Archive for February, 2010

All I Want For Christmas Is A Child Support Check

While we were busy celebrating the nuances of our Christmas traditions and decking the halls of the cozy craftsman Mi Hombre’s ex was stewing over the new found holiday changes. Instead of writing letters to Santa from Super-girl I suspect that she was writing him her own Christmas wish letter and I bet that it read something like this:

Dear Santa,

Although I have been very naughty and nice isn’t something all people would equate with me…I am hoping that you will overlook these things and answer my one simple request… All  I want for Christmas is a child support check from my ex husband.  You see, It pains me that my ex husband is happy, that he has moved on, and most of all I cannot bear the sight of my daughter being so happy with having another woman in her life.   I want to make him suffer and make his life miserable-because I am suffering and my life is miserable. Please dear Santa, can you make sure that the child support will happen?

Sincerely,

Ex wife

Yep, That is right-the proud to be feminist who proclaimed during our first meeting that she would never ask Mi Hombre for child support because she ended the marriage changed her tune when we changed our holiday traditions.  Not long after our delightful European Christmas a letter from the ex arrived addressed to Mi Hombre…C.O.D.

On January 1st we wound up in Mediation with a biased pro-mom advocate negotiating-not about Super-girl,  but instead about the pragmatics of where I would fit in Super-girl’s life. Talk about a step into something out of the twilight zone…I literally thought I had walked into Kangaroo court and I was the defendant.  I remember thinking is this legal? Can the mediator really ask me these questions, am I under oath to answer?  I remember feeling so unbearably uncomfortable.  It was pure mock justice and in retrospect I think that it would have been perfectly legal for Mi Hombre and I to have stood up and walked right out of that mediators office.  She was that unprofessional.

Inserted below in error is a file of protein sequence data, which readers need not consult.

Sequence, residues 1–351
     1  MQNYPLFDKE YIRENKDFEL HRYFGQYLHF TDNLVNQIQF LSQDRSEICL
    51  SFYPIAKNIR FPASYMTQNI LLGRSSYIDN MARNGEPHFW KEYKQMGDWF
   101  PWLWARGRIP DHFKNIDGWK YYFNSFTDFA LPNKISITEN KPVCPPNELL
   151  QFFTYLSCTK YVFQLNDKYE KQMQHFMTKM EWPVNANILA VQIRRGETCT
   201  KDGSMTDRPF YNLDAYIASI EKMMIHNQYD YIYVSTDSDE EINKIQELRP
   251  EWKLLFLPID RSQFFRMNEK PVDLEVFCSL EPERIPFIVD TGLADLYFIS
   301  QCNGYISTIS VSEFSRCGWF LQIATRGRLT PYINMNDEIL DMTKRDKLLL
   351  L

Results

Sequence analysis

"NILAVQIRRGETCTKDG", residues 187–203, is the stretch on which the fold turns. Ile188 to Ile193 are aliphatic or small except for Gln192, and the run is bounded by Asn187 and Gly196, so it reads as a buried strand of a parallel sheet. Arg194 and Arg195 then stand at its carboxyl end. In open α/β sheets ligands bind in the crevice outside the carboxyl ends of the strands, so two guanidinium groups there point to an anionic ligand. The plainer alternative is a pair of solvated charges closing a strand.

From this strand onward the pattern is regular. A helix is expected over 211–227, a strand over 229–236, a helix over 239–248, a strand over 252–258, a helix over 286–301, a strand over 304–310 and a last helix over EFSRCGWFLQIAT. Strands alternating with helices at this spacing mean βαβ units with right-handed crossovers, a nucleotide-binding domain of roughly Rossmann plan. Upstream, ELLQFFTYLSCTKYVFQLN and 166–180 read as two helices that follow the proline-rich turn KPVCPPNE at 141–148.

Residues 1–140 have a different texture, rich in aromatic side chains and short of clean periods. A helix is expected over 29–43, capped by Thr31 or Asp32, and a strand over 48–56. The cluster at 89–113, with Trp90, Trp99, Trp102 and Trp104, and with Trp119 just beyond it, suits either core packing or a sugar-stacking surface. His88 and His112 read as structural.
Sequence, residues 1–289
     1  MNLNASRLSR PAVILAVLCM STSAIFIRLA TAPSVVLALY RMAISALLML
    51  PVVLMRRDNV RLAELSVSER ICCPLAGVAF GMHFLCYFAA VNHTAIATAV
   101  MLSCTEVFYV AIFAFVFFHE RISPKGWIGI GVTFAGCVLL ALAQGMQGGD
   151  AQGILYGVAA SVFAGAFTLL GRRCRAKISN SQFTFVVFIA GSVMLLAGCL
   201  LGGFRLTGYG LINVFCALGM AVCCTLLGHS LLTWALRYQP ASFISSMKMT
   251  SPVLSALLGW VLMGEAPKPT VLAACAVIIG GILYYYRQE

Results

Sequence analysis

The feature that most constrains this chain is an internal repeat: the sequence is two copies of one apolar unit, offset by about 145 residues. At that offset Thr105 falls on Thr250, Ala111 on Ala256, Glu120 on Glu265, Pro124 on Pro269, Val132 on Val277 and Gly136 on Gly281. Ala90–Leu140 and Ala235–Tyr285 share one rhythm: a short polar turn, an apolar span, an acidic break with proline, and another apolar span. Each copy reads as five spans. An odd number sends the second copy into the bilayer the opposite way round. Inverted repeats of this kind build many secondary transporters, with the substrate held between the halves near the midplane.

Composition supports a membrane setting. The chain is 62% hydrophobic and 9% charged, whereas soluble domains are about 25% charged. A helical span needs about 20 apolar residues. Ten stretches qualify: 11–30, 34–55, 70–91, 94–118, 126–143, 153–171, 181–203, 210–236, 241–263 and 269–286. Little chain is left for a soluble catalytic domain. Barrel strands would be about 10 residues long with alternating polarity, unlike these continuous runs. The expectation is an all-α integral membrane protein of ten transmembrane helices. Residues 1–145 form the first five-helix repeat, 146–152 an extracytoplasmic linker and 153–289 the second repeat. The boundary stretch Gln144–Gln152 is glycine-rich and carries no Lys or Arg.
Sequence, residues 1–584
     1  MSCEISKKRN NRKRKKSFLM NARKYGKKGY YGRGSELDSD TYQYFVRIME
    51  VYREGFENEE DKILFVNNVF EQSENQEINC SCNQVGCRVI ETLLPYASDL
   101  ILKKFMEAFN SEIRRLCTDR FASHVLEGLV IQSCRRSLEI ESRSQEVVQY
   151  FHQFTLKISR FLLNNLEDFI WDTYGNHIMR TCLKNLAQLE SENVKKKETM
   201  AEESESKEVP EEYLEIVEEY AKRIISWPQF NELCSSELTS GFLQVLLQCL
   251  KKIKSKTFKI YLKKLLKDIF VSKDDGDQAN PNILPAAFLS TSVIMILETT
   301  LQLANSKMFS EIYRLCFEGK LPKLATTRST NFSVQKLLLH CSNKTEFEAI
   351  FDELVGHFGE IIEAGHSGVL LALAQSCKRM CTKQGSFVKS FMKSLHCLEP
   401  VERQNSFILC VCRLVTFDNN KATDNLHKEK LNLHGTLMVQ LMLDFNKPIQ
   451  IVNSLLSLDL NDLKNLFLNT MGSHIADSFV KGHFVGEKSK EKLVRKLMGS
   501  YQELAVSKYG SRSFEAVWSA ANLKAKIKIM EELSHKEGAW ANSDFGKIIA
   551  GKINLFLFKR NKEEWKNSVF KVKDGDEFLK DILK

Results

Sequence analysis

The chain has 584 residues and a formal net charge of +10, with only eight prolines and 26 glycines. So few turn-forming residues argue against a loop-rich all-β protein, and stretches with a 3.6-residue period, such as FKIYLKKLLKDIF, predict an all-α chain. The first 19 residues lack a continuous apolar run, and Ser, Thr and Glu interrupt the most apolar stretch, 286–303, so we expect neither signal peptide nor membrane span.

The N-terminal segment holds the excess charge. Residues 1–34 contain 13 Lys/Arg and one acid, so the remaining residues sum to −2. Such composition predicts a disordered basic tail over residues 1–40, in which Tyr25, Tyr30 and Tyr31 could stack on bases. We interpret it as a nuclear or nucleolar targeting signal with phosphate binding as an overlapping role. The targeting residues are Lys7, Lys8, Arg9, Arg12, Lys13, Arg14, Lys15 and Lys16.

During the Spanish/Canadian inquisition Mi Hombre and I sat hands clutched and I am sure with our mouths agape in bewilderment and disbelief.  The Ex went off on tangent after emotional tangent, sometimes raising her voice and at one point standing up pointing her finger and spouting profanity like we were scorn criminals.  She was so convinced that I was defaming her as a mother. Unbeknownst to me every time I painted Super-girls nails, braided her hair, trimmed her bangs or put notes in her lunch I was taking away the her right to motherhood.  According to her, since I am not a mother I know nothing about children, what they need or anything about what it means to be a mother. Ironically,  by being myself I was not only disrespecting her, I was showing  Super-girl that I was trying to become her mother and that I was a better mother by engaging in such activities.  The whole session (might I add, that we had to pay for) crucified me for loving and treating Super-girl with kindness and respect, Mi Hombre for allowing it, and in the end slapped us with a big fat monthly check paid to the ex for her pain and suffering.

The fallout of this farce had me clicking my heels chanting take me back to Canada, my husband regretting having said he had an amicable relationship with his ex, and Super-girl losing out on things we once could afford because her mother broke our already burdened financial state.  It was a grim time to say the least, and a very high source of scorn in our marriage.  It is the law in our state that even if you have joint physical and joint legal custody of a minor the person with the higher income must supplement the other home to bring each home to the same standard of living. As unjust as it may be-it is the law, and we abide by it to the letter.  I will admit even though I understand it, to this day writing that check feels like acid on my hand each time I have to do it.

2010/02/17 at 3:09 PM 7 comments

Our Tradition

Mi Hombre and I come from very different cultural backgrounds. He is a Colombian/Latin American and I am a French/Polish Canadian. Because of this and the vast difference of geographical location of our families, we possess very different traditions for celebrating the Christmas season. Our first Christmas together as a family was a toss up. Which he won because the majority of his Spanish brood is here in our home town-mine remains North of the friendly boarder.  The family arrangements were easily made, but Mi Hombre and I could not decide upon which way we would be decking the halls of his, now our, cozy craftsman.